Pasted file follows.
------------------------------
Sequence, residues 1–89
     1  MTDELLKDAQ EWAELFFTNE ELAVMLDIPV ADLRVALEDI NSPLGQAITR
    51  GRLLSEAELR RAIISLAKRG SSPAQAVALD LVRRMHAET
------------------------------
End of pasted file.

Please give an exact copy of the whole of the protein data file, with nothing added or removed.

Sequence, residues 1–89
     1  MTDELLKDAQ EWAELFFTNE ELAVMLDIPV ADLRVALEDI NSPLGQAITR
    51  GRLLSEAELR RAIISLAKRG SSPAQAVALD LVRRMHAET